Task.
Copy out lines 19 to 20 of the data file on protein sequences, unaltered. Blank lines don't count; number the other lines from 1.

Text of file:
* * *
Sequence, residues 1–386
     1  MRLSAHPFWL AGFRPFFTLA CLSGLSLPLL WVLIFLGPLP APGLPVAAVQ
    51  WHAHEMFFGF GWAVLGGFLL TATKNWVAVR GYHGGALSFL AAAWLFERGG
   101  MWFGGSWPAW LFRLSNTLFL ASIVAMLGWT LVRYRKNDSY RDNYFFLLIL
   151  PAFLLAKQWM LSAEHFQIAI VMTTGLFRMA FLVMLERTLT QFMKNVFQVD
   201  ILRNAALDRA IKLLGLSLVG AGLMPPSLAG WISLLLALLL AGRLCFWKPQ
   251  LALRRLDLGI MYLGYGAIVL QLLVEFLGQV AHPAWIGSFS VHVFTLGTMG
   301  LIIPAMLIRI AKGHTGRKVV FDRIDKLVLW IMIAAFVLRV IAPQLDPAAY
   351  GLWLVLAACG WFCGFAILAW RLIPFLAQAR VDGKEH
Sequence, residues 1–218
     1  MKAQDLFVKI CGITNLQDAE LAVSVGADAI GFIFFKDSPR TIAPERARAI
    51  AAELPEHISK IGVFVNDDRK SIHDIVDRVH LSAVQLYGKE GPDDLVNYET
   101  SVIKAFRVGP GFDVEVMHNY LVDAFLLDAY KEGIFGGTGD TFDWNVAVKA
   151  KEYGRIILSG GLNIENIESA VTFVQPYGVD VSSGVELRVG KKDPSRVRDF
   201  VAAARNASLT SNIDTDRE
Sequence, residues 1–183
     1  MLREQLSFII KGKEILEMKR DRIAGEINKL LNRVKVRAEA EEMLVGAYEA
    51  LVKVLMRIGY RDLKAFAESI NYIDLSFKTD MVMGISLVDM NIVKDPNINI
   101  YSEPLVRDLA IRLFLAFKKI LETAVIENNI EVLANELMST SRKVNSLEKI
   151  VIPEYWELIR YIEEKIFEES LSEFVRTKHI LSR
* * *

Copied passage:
   101  YSEPLVRDLA IRLFLAFKKI LETAVIENNI EVLANELMST SRKVNSLEKI
   151  VIPEYWELIR YIEEKIFEES LSEFVRTKHI LSR